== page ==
A few weeks ago, the ShanghaiRanking Academic Ranking of World Universities published its latest report , which revealed that KTH has climbed in the subject rankings. This is good news and an advancing step for an excellent university within the global education arena.
In light of this, I played around with the thought of what else you could measure – other values that do not come across as clearly in figures and bibliometrics that show how research is reflected in scientific publications. Values that are also crucial in the attractiveness of a university, in addition to factors such as production, performance and reputation.
Areas that provide important pointers for researchers, teachers and students who are considering whether to apply here or, for those members of the public and private sectors that are looking for partners.
Could work environment be an indicator worth measuring when comparing different universities? Or equality? Obviously, equality is part of a healthy working culture and environment. The concept of quality also includes this as an absolutely crucial aspect – that the knowledge of both women and men is leveraged to create technical solutions and innovations that deliver sustainable societal benefits.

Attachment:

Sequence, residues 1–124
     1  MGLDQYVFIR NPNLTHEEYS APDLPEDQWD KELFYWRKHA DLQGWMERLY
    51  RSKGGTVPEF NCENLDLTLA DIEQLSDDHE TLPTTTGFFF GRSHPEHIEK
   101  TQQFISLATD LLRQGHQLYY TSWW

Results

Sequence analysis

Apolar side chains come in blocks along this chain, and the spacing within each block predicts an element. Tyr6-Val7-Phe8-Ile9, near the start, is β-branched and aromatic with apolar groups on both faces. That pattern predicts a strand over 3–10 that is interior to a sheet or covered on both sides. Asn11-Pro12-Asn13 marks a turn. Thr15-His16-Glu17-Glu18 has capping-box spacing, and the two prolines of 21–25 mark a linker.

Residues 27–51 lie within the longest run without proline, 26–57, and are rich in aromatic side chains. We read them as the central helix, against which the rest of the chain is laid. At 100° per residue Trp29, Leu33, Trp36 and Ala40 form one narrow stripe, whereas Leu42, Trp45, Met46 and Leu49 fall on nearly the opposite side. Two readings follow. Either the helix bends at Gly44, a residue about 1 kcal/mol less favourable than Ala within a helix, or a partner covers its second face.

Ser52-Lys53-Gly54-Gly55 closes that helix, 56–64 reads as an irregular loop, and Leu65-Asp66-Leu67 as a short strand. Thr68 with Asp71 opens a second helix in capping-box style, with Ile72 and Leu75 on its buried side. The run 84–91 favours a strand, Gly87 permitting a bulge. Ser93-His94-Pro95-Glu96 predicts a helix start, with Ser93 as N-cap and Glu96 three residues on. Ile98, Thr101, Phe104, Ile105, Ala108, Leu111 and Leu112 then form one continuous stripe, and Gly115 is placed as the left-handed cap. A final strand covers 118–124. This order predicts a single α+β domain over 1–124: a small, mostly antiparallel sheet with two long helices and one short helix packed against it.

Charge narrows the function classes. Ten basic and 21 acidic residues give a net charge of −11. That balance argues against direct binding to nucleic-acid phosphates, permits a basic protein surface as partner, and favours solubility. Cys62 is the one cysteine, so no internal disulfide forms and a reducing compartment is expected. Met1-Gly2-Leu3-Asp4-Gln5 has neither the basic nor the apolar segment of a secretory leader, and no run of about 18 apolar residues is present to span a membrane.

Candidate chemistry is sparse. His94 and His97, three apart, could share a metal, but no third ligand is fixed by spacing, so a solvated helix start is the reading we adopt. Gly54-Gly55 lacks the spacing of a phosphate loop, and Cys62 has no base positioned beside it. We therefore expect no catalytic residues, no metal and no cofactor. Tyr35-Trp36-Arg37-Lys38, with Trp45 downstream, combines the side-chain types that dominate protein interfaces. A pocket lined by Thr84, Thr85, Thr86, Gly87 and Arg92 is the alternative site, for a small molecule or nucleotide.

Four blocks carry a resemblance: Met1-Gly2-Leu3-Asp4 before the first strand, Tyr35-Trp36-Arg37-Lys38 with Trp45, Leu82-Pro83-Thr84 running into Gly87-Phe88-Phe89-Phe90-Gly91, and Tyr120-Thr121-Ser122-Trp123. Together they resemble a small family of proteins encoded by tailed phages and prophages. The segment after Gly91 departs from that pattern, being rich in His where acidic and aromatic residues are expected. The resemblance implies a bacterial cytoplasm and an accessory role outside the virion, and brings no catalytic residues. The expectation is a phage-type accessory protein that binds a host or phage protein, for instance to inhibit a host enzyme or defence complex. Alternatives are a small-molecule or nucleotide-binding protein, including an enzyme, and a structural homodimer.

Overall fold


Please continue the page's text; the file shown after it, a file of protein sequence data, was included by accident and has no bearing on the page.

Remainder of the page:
What you should measure is one thing to do KTH’s strengths justice, as well as other so-called improvement areas.
Another discussion that has emerged in recent times is how measuring should be done. An alternative method that measures research falls under the concept of altmetrics. This is about capturing the online attention surrounding scholarly content and influence by measuring articles, downloads, sharing, likes etc., in different social channels. Visibility and reach are becoming increasingly important parameters.
New methods that can complement and reflect a university’s qualities from different angles are both exciting and instructive.
Gaining a high comparison score in equality and a good work environment is probably a major competitive advantage for a university. However, these are qualities you must be able to measure in a reasonable way.